Forest Sofa (8)

How technology can transform furniture makers

Made Smarter, the movement to increase the take up of digital technology among manufacturers, talks about how technology adoption can empower and transform furniture manufacturers.

The festive period is traditionally one of the busiest times of the year for the furniture sector, racing to keep up with consumer and customer demand. On top of this increased pressure, manufacturers will also be experiencing tough conditions amid increased energy and materials prices, and supply chain and labour challenges.

The Christmas and New Year rush will highlight bottlenecks and other issues with their processes. Meanwhile, changing consumer habits towards more sustainable products, online shopping and supporting small businesses instead of huge corporations, are also revealing opportunities for growth. This makes it the perfect time to take stock of these challenges and find a way of avoiding them in the future. It is also a good time to reach out for help.

Since 2018, Made Smarter, the government-funded, industry-led movement to help SME manufacturers adopt digital technologies and skills, has worked with

more than 2,500 businesses in the North West, including 150 in the furniture sector. Made Smarter offers expert, impartial technology advice, digital transformation workshops to help manufacturers take their first steps, as well as matched funding for SMEs to invest in technology.

These technology projects are helping businesses plan production and capacity, oversee and manage the workforce, forecast demand and inventory needs, manage stock levels and optimise picking, and automate the packaging process. They have proven to help businesses cope with the seasonal surge, remain competitive, and set themselves up for success all year round.

James Tanner Joinery, a Kendal-based manufacturer of traditional hand-crafted windows, doors and staircases, is an example of an SME which was able to overcome capacity and growth challenges by investing in an integrated solution consisting of a five-axis CNC machine with time-management and design software.

Before investing in automation, production was extremely manual and required wood being moved between three machines. This time-consuming process was reducing capacity, creating backlogs, and limiting growth. The new machine removes the labour-intensive processes and links to a new cloud-based design software, which tracks the life journey of the product from customer enquiry, design and prototype using fully rendered 3D-imaging, material management, to manufacture and delivery.

As a result software reduces jobs time by 50% while production is typically 13 times faster. By doubling its production capacity, the business can take on that extra commercial work. James said: “This solution means that we can do all the design work and programming before, put the wood into the machine and let it do its job, all in one go. Our motto has always been ‘precision-made joinery’. Accuracy is really important to me, to the reputation of this company. This new solution takes our ability to achieve that accuracy to the next level.”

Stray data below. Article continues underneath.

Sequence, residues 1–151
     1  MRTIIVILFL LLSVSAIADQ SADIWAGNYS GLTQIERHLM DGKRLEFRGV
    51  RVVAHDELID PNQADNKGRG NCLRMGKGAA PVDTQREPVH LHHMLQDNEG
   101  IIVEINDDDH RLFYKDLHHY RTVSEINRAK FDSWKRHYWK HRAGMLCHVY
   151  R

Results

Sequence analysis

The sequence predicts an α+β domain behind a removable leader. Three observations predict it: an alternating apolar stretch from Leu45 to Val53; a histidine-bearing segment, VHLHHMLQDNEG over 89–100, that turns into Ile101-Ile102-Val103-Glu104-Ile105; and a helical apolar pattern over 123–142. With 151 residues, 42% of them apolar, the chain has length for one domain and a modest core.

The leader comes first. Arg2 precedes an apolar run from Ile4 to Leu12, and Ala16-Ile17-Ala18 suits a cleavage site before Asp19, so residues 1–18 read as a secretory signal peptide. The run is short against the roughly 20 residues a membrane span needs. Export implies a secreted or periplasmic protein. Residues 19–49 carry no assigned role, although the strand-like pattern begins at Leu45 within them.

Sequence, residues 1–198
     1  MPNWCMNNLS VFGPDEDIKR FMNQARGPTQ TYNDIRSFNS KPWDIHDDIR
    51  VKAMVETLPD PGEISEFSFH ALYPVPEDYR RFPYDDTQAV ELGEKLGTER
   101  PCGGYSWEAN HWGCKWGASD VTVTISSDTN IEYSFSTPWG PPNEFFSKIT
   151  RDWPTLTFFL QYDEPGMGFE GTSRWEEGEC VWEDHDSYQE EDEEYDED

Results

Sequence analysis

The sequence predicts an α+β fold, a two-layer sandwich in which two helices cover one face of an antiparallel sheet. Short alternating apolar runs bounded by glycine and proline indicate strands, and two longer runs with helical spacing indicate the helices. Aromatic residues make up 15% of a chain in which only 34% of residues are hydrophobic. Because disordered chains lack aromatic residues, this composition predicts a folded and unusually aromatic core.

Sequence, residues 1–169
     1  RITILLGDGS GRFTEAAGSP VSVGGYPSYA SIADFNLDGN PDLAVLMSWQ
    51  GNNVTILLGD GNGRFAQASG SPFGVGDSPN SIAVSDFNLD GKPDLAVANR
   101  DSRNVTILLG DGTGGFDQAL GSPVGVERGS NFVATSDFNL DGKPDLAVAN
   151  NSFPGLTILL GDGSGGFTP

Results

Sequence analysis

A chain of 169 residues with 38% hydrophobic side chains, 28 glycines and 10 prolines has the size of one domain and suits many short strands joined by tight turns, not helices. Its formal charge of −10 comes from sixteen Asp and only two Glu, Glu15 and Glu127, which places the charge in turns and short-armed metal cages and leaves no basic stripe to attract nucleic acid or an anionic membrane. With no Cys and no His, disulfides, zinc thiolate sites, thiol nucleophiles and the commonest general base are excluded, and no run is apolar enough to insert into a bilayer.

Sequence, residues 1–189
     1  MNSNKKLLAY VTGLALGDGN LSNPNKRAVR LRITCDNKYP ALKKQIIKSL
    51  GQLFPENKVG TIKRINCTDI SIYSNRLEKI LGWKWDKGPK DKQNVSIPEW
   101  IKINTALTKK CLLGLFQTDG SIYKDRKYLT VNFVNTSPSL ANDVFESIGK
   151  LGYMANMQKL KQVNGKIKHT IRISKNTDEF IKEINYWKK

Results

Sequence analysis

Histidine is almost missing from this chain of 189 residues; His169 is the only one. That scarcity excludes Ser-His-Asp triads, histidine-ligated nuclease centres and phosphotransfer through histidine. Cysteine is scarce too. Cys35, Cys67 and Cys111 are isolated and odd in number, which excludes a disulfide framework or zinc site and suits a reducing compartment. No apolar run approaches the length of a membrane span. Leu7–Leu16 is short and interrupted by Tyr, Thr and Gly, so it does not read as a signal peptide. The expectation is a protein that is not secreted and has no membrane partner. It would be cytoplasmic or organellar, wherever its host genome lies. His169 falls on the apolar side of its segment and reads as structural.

The investment has also helped James create a digital roadmap which includes steps towards 3D design software to expand into bedrooms and kitchens. 3D scanning and immersive technologies are also being explored as ways of rapidly accelerating the design cycle further and enhancing customer experience.

James added: “I want to be able to go to a job, measure or scan the key parameters, sketch a design and go back to the office to produce a 3D design. It then goes from screen to machine. Now we have taken this first step, I can see the possibilities. And that is very exciting.”

Forest Sofa, a furniture manufacturer based in Salford, has also been able to better manage resource demands and reduce the likelihood of bottlenecks in production after investing in data and system integration technologies.

The addition of digital tools increased visibility which has enabled the business to digitally track production and allowed it to provide real time updates to their customers.

The success paved the way for a second Made Smarter-supported project focussed on production, and is forecast to reduce fabric waste by up to 10% and reduce cutting time by 50%.

Ryan Mohieddin, Managing Director, said: “Our second project involves pattern digitisation, optimisation and material cutting to increase production capacity, whilst providing a digital back up protecting our IP. We are looking forward to this next step on our journey, as we continue to combine traditional manufacturing with digital innovation.”

Both these case studies illustrate the importance of creating a digital roadmap. As a new year begins, Made Smarter – which is also available to manufacturers in the North East, West Midlands, East Midlands, West of England and Yorkshire and Humber regions – is calling for businesses across the furniture and home goods supply chain to seize the moment to start planning for the future.

They have produced a free guide to help demystify digitalisation and drive technology adoption. The document includes topics such as how digital tools can help overcome specific challenges, and showcases Made Smarter-supported manufacturers who are reaping the benefits of investing in technology which is vital in helping them cope with increasing demand during busy periods.

To download the free guide visit:

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